Forest Bathing as Restorative Action

By Keith Badger

The term Shinrin-yoko, which translates in English as Forest Bathing, was coined in 1982 by the Japanese government in part as a corrective therapeutic action to a then recognized public health crisis. Based upon ancient Shinto and Buddhist practices that resonate with many contemporary Eco-therapies, the main gist of it appears to involve taking into our body while walking the "forest's atmosphere" via our 5 outward senses (seeing, hearing, touching, smelling and tasting). As documented health and relaxation benefits have become so numerous, today's practice of forest bathing has become a mainstream phenomenon and socially prescribed therapy worldwide.

river in woods

The practice is pretty simple, yet the key to the physiological benefits rests on consciously taking in the natural environment. That means we have to be more mindful of where we are than we usually are in our daily breathless and stressed-out, hectic day! During these days, it might become the preferred activity for those seeking to ease their minds amid the worry and stress induced by the current worldwide climate crisis. The slowed-down, pedestrian mode of movement, imposed during quarantine, quickly proved effective in clearing the congested atmospheres of our urban areas. Why wouldn't it work for clearing our own minds?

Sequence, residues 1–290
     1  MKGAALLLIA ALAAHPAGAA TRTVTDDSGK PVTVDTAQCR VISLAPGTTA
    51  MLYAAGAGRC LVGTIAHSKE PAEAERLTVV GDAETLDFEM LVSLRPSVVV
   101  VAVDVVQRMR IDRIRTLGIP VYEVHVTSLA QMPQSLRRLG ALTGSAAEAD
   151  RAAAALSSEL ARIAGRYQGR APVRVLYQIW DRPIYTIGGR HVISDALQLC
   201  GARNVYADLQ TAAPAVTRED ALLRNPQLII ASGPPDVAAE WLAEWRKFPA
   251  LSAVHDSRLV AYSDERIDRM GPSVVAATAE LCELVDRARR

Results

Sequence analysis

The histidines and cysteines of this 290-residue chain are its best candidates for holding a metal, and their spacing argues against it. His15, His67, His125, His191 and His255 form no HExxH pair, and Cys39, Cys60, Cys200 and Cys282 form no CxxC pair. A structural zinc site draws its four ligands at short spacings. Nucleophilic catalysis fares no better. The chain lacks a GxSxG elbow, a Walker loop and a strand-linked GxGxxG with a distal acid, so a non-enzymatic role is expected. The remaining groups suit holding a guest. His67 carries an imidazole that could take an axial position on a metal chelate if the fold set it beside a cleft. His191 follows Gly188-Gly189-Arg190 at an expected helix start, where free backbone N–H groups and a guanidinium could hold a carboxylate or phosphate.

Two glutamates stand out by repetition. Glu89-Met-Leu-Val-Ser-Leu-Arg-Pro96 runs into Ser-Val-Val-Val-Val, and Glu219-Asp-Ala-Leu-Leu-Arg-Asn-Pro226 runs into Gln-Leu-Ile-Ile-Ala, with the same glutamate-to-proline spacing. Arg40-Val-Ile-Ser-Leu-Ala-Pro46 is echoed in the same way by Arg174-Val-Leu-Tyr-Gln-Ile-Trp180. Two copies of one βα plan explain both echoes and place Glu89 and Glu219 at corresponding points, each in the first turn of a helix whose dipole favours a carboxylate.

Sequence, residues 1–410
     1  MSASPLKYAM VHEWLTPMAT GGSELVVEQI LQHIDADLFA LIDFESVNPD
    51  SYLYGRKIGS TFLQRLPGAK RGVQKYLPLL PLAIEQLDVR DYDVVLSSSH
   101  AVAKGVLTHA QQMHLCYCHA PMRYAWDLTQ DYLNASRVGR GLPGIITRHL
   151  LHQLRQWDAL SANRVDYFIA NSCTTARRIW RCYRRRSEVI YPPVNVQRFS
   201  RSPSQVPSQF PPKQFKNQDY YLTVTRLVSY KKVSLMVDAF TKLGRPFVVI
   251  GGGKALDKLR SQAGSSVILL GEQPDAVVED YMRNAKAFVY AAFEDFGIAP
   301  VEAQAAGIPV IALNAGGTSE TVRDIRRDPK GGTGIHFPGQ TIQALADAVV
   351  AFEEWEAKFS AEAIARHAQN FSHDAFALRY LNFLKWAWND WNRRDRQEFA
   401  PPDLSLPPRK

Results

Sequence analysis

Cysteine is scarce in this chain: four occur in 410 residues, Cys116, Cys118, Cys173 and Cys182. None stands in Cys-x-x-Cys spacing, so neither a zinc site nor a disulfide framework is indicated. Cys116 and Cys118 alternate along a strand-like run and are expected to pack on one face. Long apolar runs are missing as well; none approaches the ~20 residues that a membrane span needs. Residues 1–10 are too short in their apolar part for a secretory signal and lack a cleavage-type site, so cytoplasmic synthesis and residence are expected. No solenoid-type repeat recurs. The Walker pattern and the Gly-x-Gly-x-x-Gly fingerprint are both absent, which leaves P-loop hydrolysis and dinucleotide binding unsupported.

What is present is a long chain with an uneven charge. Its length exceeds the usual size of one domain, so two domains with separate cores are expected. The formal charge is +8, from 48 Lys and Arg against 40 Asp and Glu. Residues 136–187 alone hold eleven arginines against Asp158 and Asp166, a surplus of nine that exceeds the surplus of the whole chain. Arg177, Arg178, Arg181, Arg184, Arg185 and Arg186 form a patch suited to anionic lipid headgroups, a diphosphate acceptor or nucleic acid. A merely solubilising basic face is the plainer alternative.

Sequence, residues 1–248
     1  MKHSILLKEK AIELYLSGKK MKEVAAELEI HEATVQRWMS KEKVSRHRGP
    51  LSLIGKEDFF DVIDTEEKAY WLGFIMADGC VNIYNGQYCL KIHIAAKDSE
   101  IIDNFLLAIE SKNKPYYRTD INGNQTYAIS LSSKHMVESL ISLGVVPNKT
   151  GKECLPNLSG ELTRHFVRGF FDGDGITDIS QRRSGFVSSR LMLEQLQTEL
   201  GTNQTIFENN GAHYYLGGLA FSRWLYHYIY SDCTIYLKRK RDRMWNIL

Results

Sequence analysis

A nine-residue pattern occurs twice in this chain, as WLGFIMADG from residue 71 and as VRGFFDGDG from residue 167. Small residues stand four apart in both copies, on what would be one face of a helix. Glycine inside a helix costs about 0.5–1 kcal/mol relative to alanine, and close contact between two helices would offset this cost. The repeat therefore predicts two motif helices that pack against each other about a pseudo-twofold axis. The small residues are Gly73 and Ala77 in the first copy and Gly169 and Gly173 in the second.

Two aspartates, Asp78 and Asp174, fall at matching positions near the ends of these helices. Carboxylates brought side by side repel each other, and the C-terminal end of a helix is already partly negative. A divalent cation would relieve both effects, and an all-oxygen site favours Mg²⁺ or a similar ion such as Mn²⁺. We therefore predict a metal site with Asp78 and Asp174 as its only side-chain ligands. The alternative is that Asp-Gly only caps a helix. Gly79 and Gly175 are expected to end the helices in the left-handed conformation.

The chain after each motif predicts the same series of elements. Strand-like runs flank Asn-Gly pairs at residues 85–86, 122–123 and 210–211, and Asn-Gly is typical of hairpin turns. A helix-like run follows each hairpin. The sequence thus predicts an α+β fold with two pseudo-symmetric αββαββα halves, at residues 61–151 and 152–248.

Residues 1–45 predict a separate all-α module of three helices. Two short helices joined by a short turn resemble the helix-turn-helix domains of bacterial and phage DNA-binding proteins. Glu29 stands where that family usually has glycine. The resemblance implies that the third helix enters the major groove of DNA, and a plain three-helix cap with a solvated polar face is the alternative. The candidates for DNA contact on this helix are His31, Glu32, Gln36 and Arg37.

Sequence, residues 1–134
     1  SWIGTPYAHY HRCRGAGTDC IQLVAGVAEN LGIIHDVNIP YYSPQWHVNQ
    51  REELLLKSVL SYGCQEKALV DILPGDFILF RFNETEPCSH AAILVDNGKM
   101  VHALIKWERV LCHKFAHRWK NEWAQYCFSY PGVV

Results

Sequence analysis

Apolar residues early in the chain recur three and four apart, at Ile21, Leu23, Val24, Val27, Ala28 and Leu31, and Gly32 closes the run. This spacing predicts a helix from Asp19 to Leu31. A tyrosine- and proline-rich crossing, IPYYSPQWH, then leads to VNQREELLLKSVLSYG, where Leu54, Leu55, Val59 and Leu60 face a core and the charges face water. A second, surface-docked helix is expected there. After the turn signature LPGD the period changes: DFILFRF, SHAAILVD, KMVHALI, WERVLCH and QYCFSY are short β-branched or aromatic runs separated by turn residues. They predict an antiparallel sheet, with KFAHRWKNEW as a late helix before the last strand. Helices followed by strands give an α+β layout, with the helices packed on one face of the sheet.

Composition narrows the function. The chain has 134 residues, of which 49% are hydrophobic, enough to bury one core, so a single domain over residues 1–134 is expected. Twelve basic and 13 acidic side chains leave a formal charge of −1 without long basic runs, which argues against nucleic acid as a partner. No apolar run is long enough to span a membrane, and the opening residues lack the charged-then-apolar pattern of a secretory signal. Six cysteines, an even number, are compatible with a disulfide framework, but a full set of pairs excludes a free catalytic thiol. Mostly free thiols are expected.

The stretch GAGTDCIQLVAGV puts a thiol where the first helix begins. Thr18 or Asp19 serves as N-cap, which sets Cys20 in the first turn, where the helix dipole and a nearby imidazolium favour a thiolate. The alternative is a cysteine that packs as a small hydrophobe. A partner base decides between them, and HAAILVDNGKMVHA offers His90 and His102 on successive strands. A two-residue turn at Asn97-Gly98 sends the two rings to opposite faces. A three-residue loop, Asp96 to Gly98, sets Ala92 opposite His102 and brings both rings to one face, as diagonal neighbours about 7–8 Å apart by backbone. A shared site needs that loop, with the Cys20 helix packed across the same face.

redwood forest

New scientific understanding of forest dynamics points to an 'intelligence' within the natural order that dictates a dynamic of interactive relationships moving toward equilibrium and wholeness. The proverbial wisdom of nature! Just as impressive, yet much more alarming is that scientific research likewise notes a lack, and diminishment, of any such intelligence within humans. The human/nature disconnect. Nature-Deficit Disorder (NDD), a term introduced in 2005 by Richard Louv, although not recognized as a medical condition, is being backed up by research such as that being pioneered by the University of Michigan psychologists Rachel and Stephen Kaplan with their Attention Restoration Theory. The long and short of their argument is that time spent in nature does have a direct effect on human attention, intelligence, and overall health. Again, a real key here is the development of human 'attention' toward understanding our need for reconnecting to the world of nature.

It really isn't such a radical or newfangled foreign idea; we have long been privy to this wisdom of the wilds since the human came down from the trees long ago! The bipedal gait freed our thinking, and possible consciousness, from many mundane survival needs, and many great thinkers have espoused the wonders of taking a walk. From the Peripatetic School of ancient Greece to every walker coming off the Appalachian or Pacific Crest Trail, the joys of walking--for pleasure, for health, and for serenity--is experienced ingrained into one's understanding. The world at 3 miles per hour is good medicine!

path in field